Key Principles For Assessing Practice Value
• contemporary dislocations by third
parties, Medicare and commercial payers;
• retail clinics and changes in supply/ demand and specialty trends;
• the rise of ambulatory surgery centers, walk-in clinics and specialty hospitals;
• outsourced care and medical tourism;
• alterations in resource based-relative value units, ambulatory payment classifications (APCs), diagnosis-related groups (DRGs) and newer Medicare-severity diagnosis-related groups (MS-DRGs); and
• the Medicare Modernization Act, HIPAA, OSHA, the EEOC and other regulations.
One must also consider the impact of current employee trends to high-deductible health care plans and private concierge medicine. Another considferation is employer shifts away from defined benefits plans to defined contribution plans.
Aggregating Or ‘Normalizing’ Financial Information: What You Should Know
In addition to possibly conducting employee interviews, one must gather appropriate financial information in order to properly value a practice. As a starting point, interested physician buyers should be able to see the following information for the most recent three-year period.
• Practice (corporate) tax returns
• Equipment/automobile leasing and/or tax depreciation schedules
• Accounts receivable aging schedule
• Consolidated financial statements (P&L, cash flow, balance sheet and retained earnings) for the practice
• Prior buy-sell and/or non-compete agreements
It is especially important to eliminate one-time, non-recurring practice expenses. These are adjusted for excessive or below normal expenses on the profit and loss statement. Such “normalization” can produce a big surprise for benchmark proponents and formula-driven advocates when a selling doctor runs personal expenditures through the practice that a buyer or court would not consider legitimate. Of course, one is less likely to encounter such shenanigans when the valuation is conducted according to professional USPAP and IRS style guidelines.
For example, we recall one doctor who painted his home and wrote it off as a valid business expense. Deleting other major expenses such as country club memberships make a practice look more profitable. This is good news if you are selling it. It is bad news if you are getting a divorce.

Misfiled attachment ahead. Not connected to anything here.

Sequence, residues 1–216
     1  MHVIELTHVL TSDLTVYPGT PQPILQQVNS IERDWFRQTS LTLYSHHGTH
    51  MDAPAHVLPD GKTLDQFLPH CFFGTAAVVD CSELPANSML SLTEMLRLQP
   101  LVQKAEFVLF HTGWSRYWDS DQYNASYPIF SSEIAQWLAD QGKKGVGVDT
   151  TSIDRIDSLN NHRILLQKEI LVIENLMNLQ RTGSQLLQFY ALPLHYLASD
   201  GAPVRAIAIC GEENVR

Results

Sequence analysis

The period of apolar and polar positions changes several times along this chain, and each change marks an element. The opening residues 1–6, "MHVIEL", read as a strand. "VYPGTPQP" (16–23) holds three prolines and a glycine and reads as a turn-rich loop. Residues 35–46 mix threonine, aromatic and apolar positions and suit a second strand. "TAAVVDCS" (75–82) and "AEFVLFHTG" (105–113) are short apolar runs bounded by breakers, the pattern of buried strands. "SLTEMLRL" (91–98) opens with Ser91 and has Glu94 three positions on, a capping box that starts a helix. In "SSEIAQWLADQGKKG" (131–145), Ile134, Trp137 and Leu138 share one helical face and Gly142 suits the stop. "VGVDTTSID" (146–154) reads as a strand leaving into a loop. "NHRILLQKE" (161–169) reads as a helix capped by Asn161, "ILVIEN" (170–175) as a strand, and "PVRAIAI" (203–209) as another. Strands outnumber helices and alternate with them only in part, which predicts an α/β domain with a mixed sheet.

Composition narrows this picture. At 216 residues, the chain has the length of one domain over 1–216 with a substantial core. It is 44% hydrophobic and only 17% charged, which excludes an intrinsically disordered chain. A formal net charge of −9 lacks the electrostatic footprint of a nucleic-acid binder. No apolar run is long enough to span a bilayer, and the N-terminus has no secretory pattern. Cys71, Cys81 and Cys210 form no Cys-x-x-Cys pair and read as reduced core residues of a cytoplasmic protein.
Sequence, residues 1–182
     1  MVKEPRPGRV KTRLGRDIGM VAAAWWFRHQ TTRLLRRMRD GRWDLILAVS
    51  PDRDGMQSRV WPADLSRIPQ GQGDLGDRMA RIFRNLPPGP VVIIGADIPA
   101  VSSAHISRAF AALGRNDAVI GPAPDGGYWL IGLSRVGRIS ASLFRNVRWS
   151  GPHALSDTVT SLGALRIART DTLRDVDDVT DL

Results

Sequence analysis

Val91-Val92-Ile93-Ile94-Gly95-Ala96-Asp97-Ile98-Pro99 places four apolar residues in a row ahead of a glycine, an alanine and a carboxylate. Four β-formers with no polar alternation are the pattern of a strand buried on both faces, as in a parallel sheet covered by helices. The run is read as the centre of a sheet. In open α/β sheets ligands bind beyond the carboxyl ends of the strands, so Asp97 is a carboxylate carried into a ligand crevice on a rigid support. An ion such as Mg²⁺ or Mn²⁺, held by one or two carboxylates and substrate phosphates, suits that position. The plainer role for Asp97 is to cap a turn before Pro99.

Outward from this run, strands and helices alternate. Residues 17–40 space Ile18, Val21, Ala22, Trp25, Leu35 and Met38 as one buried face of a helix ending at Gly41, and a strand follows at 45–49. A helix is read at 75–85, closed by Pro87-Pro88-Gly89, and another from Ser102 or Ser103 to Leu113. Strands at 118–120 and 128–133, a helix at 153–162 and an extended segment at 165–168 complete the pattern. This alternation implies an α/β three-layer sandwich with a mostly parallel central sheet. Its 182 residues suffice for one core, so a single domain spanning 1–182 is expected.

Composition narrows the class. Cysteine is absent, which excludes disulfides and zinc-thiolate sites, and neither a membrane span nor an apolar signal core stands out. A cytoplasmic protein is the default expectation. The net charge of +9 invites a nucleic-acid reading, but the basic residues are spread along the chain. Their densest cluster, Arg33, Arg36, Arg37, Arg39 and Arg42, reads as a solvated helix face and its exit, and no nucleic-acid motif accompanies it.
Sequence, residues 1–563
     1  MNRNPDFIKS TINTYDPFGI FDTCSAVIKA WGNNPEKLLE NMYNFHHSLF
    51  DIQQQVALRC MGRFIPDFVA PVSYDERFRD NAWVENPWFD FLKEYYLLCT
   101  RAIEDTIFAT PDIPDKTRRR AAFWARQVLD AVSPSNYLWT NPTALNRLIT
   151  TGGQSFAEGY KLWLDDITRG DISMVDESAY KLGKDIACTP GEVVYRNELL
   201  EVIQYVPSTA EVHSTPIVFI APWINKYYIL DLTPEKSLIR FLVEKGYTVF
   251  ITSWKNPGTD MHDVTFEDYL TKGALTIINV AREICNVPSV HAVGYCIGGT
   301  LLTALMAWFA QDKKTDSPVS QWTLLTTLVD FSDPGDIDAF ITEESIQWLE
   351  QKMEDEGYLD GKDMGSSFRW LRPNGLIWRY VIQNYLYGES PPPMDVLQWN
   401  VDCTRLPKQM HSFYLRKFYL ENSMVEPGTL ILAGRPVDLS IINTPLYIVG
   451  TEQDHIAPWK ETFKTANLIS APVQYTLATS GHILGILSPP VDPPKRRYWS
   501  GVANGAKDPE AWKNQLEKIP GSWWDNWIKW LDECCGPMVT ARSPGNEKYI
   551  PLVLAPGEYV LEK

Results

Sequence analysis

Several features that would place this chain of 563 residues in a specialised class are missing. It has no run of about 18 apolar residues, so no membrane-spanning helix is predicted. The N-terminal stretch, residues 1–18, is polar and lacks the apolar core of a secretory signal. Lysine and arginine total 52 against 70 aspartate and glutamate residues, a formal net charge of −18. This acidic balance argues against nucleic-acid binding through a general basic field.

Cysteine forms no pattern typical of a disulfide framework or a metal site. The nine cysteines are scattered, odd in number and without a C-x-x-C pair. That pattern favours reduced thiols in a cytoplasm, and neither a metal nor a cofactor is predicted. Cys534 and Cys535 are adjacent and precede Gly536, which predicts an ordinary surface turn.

Conversely, you may have to defend legitimate business expenses that an appraiser may seek to normalize. For example, doctors may pay for a vehicle through their practice. If they use the vehicle to travel between multiple offices and hospitals, the expense may be legitimate.
Also realize that the appraiser may also add expenses that have not been incurred. For example, the appraiser may add an office manager’s salary if your spouse is in that role for free. This produces a lower appraised value and is common in small podiatry practices. Honorarium is another example that does not figure into value calculations.
Of course, normalization is a sophisticated and time intensive process. However, the expert earns his or her professional fee, and defends the resulting valuation range when challenged.
Keys To Selecting The Right Valuator
The most important credentials to look for are fiduciary level experience, specificity and independence. Some doctors mistakenly turn to those who may have never appraised a practice before. Just because an appraiser has initials behind his or her name, it does not mean he or she understands the peculiarities of medical specialties, especially podiatry. Agents, brokers, solicitors and other intermediaries are not fiduciaries.
We believe that physicians looking to assess a practice for possible sale/purchase should only select an independent health economist, who will be your advocate under Securities Exchange Commission (SEC), IRS or other relevant managerial accounting guidelines.
Moreover, be very wary if the valuation is not done in an independent manner or, worse, performed for both parties simultaneously.